Throughout the Eastern Conference Final, I collaborated with Jon Jordan of Kukla’s Korner on a series of “Opposing Viewpoint” pieces. Here’s the last installment, which wrap up the Bruins’ seven-game victory over Tampa Bay.
JJ: Well, Matt, that was some series. It had a little bit of everything, as we seemed to state with each passing game in our Q&As. Before we get cookin’ here, even in what amounts to a losing effort on my side (I left it all on the ice, personally, by the way – don’t know if you noticed), it was a pleasure working with you and I think we did readers at both sites justice in pestering them with our relentless, um, charm. Yeah. [MK note: It was great working with you too, Jon. I think my our readers got their money's worth -- after all, the Internet is free.]
MK: First off, Jon, I want to congratulate myself for predicting the Bruins in 7. I also had Bruins in 7 against Montreal, so if you ignore that I had Philadelphia in 6, I’m on a pretty good roll this postseason.
JJ: Yeah, yeah. I can ignore the Philly bit, if you insist. But let’s not get crazy here, Nostradamus. I had the Lightning in 7 and was a bounce here, a break there (or a sliver of consistency in NHL supplementary discipline, perhaps) away from being the one throwing a parade for myself. Congrats indeed and good luck repeating your performance in the Cup Final, now on to breaking down one hell of a series between Boston and Tampa Bay.
Now then, let’s dig a little deeper into how we thought this thing would go from the start and see how right we actually were:
MK: It’s funny to look back at the pre-series predictions we made and read our comments in retrospect. Obviously, we saw how important Patrice Bergeron really was and how great Tim Thomas could be, even in light of some net-crashing by Tampa Bay. That the Bruins top four on D played its best when the chips were down was something else I wrote about heading into this series.
“Now along come the Tampa Bay Lightning. Despite their statements to the contrary, I could see the Bruins taking the fifth-seeded Lightning a little lightly at the outset of the series. That’s just their nature. But unlike recently Julien-coached Bruins squads, this edition seems better at refocusing when the going gets tough. This year’s players seem to really trust each other and the system the way championship teams typically do.”
Surprisingly, the Bruins didn’t really take the Lightning that lightly, except maybe when up 3-0 in Game 4. That game, even with the Bruins winning the series, was a turning point that pushed this thing to seven games. I don’t think until that game that the Lightning believed in themselves enough to nearly upset the Bruins.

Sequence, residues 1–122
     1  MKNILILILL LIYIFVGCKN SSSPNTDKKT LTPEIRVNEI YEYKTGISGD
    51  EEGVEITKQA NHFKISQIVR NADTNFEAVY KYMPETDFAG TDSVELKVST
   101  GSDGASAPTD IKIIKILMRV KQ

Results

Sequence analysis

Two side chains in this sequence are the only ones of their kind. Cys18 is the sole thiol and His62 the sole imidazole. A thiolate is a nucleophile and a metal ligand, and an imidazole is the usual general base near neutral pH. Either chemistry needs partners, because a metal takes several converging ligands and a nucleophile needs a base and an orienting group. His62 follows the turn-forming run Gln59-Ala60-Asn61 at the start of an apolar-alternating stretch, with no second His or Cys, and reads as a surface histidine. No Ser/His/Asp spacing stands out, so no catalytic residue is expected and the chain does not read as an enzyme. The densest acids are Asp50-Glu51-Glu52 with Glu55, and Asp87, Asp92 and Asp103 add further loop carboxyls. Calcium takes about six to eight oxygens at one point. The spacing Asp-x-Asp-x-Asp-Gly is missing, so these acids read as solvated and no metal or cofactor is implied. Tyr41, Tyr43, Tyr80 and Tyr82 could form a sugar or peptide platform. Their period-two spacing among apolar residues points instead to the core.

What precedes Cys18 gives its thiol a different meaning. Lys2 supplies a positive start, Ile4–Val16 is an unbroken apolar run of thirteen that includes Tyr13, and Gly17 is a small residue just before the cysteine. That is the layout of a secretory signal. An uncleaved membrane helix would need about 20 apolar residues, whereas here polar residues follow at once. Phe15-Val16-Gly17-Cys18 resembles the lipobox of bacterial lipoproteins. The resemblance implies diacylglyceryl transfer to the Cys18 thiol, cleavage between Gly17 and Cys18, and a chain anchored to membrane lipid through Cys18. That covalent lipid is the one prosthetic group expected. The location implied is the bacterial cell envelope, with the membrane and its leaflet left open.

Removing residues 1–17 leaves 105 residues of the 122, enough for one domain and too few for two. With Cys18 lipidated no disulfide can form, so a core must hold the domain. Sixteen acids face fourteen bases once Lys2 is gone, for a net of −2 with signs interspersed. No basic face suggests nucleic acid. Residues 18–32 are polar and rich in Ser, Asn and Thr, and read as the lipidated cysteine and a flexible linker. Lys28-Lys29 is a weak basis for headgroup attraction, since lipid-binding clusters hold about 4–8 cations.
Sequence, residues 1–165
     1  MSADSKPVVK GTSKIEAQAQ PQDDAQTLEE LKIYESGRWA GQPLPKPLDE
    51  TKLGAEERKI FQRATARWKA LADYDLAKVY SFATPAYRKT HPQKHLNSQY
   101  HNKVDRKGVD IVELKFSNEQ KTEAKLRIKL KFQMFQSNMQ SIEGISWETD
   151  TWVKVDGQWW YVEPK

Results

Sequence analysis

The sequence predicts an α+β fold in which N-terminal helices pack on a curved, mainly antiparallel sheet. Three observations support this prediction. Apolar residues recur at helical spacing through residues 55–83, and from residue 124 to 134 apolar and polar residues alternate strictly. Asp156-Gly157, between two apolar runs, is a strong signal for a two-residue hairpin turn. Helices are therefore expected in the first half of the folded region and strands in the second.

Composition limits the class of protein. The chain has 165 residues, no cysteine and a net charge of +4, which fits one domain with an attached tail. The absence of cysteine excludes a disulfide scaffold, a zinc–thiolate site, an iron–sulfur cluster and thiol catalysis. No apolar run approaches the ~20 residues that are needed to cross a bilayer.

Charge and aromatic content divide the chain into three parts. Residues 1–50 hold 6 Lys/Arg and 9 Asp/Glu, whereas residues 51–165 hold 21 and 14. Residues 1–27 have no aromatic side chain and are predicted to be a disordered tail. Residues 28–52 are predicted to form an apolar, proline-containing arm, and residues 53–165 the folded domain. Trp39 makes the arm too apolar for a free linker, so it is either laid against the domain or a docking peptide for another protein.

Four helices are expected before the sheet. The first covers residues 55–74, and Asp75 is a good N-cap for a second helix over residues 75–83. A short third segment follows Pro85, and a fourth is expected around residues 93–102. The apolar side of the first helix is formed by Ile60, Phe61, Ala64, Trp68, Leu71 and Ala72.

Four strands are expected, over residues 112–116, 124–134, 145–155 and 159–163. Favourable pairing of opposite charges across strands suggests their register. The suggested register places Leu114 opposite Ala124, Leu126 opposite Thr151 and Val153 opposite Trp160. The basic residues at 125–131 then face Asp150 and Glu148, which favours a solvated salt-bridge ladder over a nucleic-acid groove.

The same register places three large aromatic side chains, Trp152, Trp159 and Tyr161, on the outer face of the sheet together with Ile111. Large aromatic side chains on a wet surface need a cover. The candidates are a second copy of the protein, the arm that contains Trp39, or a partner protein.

But the second part of my quote is what stands out. We saw just how well the Bruins could re-focus both game to game and within a game. They came back from blowing that 3-0 lead to win an ugly Game 5. And then after the disastrous defensive display in Game 6, they pitch a shutout in Game 7. When the first line looked like it wouldn’t do a thing, it erupted. When Tomas Kaberle and Johnny Boychuk looked like they’d run the Bruins into the ground, they rebounded. Even Thomas had to restart from zero a couple times after some uncharacteristic performances. This series was a textbook example of how Julien’s Bruins are great at turning the page and only focusing on the future.
JJ: That’s actually a strong suit for the Lightning as well. Unfortunately for them, they’ll have to employ that mindset to a disappointing end to the season now as well and start anew next year. Now, as I look back on how I thought this series would go down, here’s what stands out to me:
“…the Bruins are a different animal. They have every bit of the gusto that the Lightning do. They’re fantastically talented and have scoring depth. They get excellent goaltending. They are once again big and bad, as their ancestors from years ago were when making that a Beantown trademark.
But the special teams stick out to me here, especially if Bergeron is lost for any significant time. Strike that, actually, because as we all know, even a single game in the postseason counts as significant time and can be all the momentum swing a series needs.”
Well, Bergeron coming back for Game 3 was obviously a big lift for Boston and special teams did play a major factor, especially in Game 6, when the Lightning connected three times on the power play to help them force a Game 7.
But I have to bring this up here because I know so many are thinking it in retrospect. Just how much did a penalty-free Game 7 help the Bruins? It certainly played to their strengths, I’d say and the Lightning, looking every bit like the team that beat the Pittsburgh Penguins 1-0 in Game 7 of the first round, just couldn’t get anything past Thomas and the Boston defense to repeat history there.
Just how does a penalty-free game present itself anyway, out of nowhere, in a series that averaged almost eight combined power plays in the previous six games? Hmmm…
Oh, to be a fly on the wall at the offseason barbeque that Colin Campbell and Stephen Walkom are sure to attend together…
Conspiracy assertions aside (cause that ain’t me, babe. No, no, no…) The Bruins deserve to be where they are. They prevailed in seven games over a very formidable Lightning bunch and you can’t take any credit away from them whatsoever.
So, how’d they do it?
MK: What went right for the Bruins?
Well, what went right in Game 7 was that everyone bought in like few teams in a winner-take-all game have ever done. You didn’t see one player stray from the system the whole night. Thomas was the back bone and everyone played their role. And then Nathan Horton scored. The Bruins are now 8-0 when he scores in the postseason. So Vancouver might want to assign three guys to defend him.
Over the course of the series, the Bruins’ formula prevailed, even in that wild Game 2 6-5 win. Thomas made some ridiculous saves on odd-man rushes in that game to make sure it didn’t turn into his worst performance (that came in Game 6). The first line scored some huge goals and except for Game 6 the penalty kill was outstanding enough to overcome the dismal power play.
Of course, the last thing to go right in Game 7 was something the Bruins couldn’t control completely – the lack of whistles. Without a power play either way, it was left to the best 5-on-5 team in the league to take care of business, and the Bruins did.